Today, Higdon is one of the most accomplished composers in the United States. She won three Grammy Awards for Best Contemporary Composition, and even received the Pulitzer Prize for Music for her Violin Concerto. “After decades in which writing orchestral music to please was frowned upon,” wrote the Financial Times, “along comes [Jennifer Higdon].”
Steve Reich was also born in New York, on Broadway of all streets. The 85-year-old composer played an important role in the development of minimalism during the 1960s. In defiance of the Western tradition, Reich’s music makes use of repetitive figures, slow harmonic rhythms and canons to reveal rather than disguise his own compositional processes.
Equal parts theorist and musician, Reich has written extensively about his methods. “I am interested in perceptible processes,” he says in his 1968 essay, Music as a Gradual Process. “I want to be able to hear the process happening throughout the sounding music (…) Focusing in on the musical process makes possible that shift of attention away from he and she and you and me outwards towards it.”
Unsuk Chin was born in 1961 in Seoul. She taught herself to play the piano at a young age. After studying composition at Seoul National University, she attended the Hochschule für Musik und Theater Hamburg, where she worked alongside the late contemporary composer György Ligeti. Her music is popular in Korea as well as western countries, and has been performed by orchestras around the world.
Chin’s music has a non-national quality to it. Her influences include composers like Béla Bartók and Igor Stravinsky as well as electronic music, which is not indebted to a specific cultural heritage. Her vocal music is based on experimental poetry and classic texts. “Chin isn’t the kind of composer to lay bare her innermost anguish or ecstasy,” wrote The Times. “Her music is pure sonic drama; it expresses only itself.”
Hildur Guðnadóttir was born in 1982 in Reykjavík. She is the youngest composer on this list. Chances are you have heard her music before. She composed the soundtracks for films like The Revenant and Joker. In 2019, she provided the score for the HBO miniseries Chernobyl, about the Soviet power plant disaster, which garnered her an Emmy, a Grammy, and a BAFTA.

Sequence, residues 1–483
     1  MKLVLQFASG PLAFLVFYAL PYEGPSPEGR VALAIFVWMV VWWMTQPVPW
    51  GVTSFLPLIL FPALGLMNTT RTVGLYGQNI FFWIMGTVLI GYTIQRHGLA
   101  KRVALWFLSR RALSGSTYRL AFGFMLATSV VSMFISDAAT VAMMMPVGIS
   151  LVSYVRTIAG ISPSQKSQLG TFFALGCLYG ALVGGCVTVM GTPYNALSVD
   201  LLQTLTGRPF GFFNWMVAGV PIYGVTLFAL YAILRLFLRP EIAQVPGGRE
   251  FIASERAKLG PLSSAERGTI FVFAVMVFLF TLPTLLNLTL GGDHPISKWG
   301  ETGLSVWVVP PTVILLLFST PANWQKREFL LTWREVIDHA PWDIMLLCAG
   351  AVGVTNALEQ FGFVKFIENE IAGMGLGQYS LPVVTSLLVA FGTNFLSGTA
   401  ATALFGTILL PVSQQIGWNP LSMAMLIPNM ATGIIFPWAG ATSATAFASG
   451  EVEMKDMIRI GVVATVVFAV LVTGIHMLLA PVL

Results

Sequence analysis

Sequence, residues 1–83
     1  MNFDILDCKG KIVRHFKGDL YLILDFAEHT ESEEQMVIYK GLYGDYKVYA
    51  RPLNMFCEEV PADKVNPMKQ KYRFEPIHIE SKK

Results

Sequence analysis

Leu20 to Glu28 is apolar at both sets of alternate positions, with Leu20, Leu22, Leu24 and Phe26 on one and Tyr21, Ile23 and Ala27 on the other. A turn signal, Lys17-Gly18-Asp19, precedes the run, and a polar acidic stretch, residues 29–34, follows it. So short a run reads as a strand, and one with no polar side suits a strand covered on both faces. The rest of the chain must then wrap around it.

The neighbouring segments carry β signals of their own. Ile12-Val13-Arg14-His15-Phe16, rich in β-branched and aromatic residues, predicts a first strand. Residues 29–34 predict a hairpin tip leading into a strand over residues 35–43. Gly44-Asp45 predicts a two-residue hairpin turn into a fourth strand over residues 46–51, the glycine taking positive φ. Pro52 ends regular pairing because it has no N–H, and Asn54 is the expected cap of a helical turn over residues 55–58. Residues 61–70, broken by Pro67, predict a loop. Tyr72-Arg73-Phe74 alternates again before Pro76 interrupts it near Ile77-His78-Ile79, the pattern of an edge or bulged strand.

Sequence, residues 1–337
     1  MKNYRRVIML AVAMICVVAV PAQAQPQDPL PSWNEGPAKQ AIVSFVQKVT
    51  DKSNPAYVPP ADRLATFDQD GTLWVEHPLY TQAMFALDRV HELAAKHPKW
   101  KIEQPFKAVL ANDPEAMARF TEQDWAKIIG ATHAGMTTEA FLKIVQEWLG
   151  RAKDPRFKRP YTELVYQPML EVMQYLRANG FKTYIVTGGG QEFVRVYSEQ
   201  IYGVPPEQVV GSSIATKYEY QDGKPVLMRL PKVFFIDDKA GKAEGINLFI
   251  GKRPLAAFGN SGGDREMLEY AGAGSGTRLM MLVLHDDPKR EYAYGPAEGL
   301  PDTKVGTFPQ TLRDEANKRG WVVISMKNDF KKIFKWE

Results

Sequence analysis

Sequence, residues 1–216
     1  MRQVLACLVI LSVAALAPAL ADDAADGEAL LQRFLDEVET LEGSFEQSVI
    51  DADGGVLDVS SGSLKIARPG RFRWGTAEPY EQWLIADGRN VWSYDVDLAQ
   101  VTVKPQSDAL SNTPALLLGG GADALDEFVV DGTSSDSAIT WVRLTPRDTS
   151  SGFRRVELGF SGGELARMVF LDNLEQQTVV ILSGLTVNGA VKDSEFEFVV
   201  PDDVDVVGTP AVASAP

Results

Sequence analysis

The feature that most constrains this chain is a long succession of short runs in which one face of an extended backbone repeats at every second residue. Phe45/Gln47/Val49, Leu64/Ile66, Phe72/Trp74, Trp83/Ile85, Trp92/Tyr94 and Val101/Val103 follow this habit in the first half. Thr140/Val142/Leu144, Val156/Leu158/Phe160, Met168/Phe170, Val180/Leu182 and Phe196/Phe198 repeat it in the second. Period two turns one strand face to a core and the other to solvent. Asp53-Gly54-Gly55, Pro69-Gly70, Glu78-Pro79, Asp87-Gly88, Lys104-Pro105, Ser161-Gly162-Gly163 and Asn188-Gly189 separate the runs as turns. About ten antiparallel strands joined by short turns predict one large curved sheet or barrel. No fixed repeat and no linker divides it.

Guðnadóttir was raised in a musical family: Her father was a clarinet player and composer, while her mother was an opera singer. “There is an uncommon tenderness to even the most unsettling moments of her score, a kind of wounded grace,” Pitchfork wrote of the soundtrack for Joker, which made Guðnadóttir the first woman in history to win an Oscar for Best Original Score.
Missy Mazzoli was born in Pennsylvania in 1980. She studied at Boston University, Yale School of Music, and the Royal Conservatory of the Hague. In addition to her studies, she was a composer-in-residence at the Opera Philadelphia as well as the Chicago Symphony Orchestra. Mazzoli now teaches musical composition at Mannes College of Music.
“Missy Mazzoli,” John Lewis mentioned in a review of her performances for The Guardian from 2020, “has said that her ideal listener would know nothing about her or her music before hearing it, removing any preconceived ideas based on genre. In many ways, seeing her work performed live is also something of a distraction.”
Mason Bates was born in 1977 in Richmond, Virginia. He is not only a composer of contemporary classical music, but also a DJ of electronic dance music. Many know him for writing the music for the opera (R)evolution of Steve Jobs as well as the Gus van Sant film Sea of Trees. Bates was a composer-in-residence of the Kennedy Center for the Performing Arts among other institutions.
Bates tries to combine symphonic and electronic music, and has compared his compositions to the narrative symphonies of the late 19th century. His work “explores a rich nexus where organic sounds blur into digital ones,” Pitchfork wrote of his album, Stereo is King, which could easily apply to his orchestral work as well. The composer is “fascinated by sounds, and it doesn’t matter where they come from.”
Anna Clyne was born in 1980. She was raised in London but now lives and works in the United States. A child prodigy, she wrote her first composition when she was 11. Clyne began her music education at the University of Edinburgh, followed by the Manhattan School of Music. She also worked as the director of the New York Youth Symphony’s training program for promising musicians.
Cleveland Classical described her latest album Mythologies as a “convergence of tradition and invention, sometimes set against each other to provide a fascinating contrast, other times wrapped up into one enchanting package – familiar sound and fresh sensibility (…) Mythologies makes clear that [Clyne] is an essential voice in the field today, and a supremely enjoyable one at that.”